Why working from home could prevent your chances of scoring a promotion as bosses favour workers who ‘aren’t out of the loop’
- Career experts warned communication is crucial for those working from home
- Study from Atlassian found remote workers felt productive but ‘out-of-the-loop’
- Experts said staff must be pro-active to counter ‘bias’ towards those in the office
Australians who shifted to working from home during 2020 should keep in regular contact with their bosses if they want their career to stay healthy, experts have warned.
Research by software giant Atlassian has revealed employees working remotely are happier and more productive, however, they are also concerned about recognition and being ‘out-of-the-loop’.
Felicity Furey, executive coach and founder of the Millennial Leadership Program, agrees, adding those working away from the office shouldn’t underestimate the impact of missing out on hallway chats and post-meeting conversations.
Executive coach Felicity Furey (pictured) said staff working from home tend to feel ‘out-of-sight’ because they are and recommends being proactive in communicating with bosses
‘People are feeling out of sight because they are. Without deliberate proactive action to connect, network or informally meet peers, colleagues and leaders, we are less visible, and this can hinder career progression,’ Ms Furey told the AFR this week.
Ms Furey explained many people had gotten into the habit of sending several emails or scheduling a video meeting about a topic and forgotten about simply making a five-minute phone call.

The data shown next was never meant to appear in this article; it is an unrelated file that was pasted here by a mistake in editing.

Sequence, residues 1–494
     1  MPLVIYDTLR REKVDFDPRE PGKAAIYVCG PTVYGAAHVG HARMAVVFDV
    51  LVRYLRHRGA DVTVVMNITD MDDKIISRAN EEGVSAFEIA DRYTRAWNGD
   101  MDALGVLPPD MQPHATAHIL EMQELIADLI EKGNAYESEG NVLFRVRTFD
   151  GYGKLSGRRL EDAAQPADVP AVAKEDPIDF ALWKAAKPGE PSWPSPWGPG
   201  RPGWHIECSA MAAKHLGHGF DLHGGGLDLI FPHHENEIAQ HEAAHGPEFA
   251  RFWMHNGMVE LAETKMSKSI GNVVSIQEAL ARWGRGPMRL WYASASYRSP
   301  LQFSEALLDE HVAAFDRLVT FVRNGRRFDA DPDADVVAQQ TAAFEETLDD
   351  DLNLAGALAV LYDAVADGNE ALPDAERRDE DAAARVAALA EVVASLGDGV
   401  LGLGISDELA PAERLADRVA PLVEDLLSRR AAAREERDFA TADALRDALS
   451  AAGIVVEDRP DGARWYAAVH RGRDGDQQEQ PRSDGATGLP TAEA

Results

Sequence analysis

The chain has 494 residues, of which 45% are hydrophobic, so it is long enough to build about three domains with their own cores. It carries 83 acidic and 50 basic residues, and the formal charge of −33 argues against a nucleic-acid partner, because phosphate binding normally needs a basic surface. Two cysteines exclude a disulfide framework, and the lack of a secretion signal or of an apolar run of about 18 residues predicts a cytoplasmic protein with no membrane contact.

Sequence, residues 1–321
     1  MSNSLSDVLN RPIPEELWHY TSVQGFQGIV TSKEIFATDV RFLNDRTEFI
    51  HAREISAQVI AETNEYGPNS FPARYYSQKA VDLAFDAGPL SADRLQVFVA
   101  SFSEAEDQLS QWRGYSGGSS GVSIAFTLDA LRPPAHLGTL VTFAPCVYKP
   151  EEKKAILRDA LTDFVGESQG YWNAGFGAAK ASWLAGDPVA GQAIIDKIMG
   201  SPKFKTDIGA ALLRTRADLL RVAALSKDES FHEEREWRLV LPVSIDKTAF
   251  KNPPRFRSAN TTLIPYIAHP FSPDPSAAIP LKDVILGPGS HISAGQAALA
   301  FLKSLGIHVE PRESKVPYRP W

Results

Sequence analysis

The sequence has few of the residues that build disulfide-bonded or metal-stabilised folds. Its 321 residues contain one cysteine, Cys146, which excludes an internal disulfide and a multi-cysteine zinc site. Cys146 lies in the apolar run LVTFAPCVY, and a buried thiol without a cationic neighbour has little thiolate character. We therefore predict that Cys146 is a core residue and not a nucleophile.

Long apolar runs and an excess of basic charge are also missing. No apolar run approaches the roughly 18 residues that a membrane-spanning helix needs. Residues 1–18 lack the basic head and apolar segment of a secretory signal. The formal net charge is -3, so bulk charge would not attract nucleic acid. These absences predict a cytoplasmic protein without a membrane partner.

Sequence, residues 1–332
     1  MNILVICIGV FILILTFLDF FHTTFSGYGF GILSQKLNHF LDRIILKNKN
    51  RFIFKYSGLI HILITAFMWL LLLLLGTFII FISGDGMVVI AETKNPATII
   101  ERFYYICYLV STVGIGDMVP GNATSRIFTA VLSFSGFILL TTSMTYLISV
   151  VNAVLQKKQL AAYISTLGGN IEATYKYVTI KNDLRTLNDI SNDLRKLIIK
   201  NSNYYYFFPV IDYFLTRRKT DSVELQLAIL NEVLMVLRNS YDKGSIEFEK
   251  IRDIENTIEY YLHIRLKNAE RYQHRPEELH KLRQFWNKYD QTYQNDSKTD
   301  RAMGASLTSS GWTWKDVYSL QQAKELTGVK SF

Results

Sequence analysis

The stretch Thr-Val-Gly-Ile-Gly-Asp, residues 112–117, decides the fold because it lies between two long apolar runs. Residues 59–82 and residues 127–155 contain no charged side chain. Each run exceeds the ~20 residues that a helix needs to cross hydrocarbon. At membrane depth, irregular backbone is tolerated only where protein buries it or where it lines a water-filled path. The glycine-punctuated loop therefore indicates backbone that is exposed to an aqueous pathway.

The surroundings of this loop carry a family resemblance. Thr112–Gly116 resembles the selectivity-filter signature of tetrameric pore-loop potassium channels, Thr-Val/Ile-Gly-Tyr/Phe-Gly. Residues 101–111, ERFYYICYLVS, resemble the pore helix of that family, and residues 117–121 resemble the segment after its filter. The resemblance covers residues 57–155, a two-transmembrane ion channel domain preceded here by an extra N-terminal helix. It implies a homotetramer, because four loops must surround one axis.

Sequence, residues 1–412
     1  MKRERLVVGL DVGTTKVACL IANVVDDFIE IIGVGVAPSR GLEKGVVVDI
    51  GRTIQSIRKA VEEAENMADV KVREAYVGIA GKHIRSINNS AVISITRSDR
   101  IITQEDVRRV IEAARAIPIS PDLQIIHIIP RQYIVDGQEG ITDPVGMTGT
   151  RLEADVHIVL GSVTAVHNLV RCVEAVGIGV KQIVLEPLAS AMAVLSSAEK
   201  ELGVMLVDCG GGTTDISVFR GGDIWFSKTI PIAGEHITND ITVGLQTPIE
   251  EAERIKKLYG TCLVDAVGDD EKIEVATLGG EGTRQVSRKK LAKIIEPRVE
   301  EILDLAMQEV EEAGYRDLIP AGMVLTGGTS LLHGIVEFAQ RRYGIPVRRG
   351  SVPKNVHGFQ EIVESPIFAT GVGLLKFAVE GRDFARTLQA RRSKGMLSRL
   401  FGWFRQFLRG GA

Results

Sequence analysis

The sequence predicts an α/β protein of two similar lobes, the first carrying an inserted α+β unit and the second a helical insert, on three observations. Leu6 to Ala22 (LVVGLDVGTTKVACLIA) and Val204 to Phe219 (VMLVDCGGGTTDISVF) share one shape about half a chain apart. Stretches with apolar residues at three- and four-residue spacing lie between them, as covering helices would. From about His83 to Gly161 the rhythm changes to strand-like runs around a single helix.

She also advised to be aware of not just keeping in contact with your bosses but also you colleagues to gauge a sense of how others are dealing with challenges.
Many offices have adapted to hybrid way of operating over the last 12 months with a mix between staff in the office and those working remotely.
Marko Njavro, from FlexCareers, said in companies where management is office based there may be a ‘natural bias’ towards employees also in the office in terms of work allocation and sharing informal information.
He said being aware of this and making sure to keep regular lines of communication open with your bosses was crucial for those out of the office to have an even footing.
While research found those working from home were happier and more productive they were also missing out on informal information sharing (stock image)
A cafe remains open on in Melbourne (pictured) but sits empty as workers adhere to stay-at-home orders as the city begins yet a third lockdown
The Atlassian research, built from a survey of more than 5,000 workers from across Australia, Japan, Germany, and France, revealed most of those working remotely felt more productive but did miss the energy of the office.
The study also revealed those working remotely said they were actually working longer hours because of less distinction between work and home locations.
While coronavirus lockdowns and travel bans have put the idea of payrises and promotions on hold for many businesses – the experts said it’s not out of the question to be thinking about career progression.
However, they said the shifting work landscape means a different approach is needed – especially for those working from home.
Rather than relying on yearly reviews to climb the corporate ladder, they said workers who adopted a more fluid attitude and embraced communication would be putting themselves in a good position.
‘Regardless of your proximity to your boss, everything comes down to communication and how you demonstrate your value to the business,’ Gabrielle Harris, managing director at business consultancy Interchange said.
Other tips from the experts include showing initiative by up-skilling outside of work, joining industry groups or committees, or going above-and-beyond with your current tasks.
Even volunteering to take on more work or a higher role is favourable – especially if you notice your employer is struggling – as even if the offer is not accepted, you name will be forefront when there is another oppourtunity.
A deserted Melbourne CBD on Saturday (pictured) as the city begins a five day Stage Four lockdown to allow contact tracers to get ahead of a cluster stemming from hotel quarantine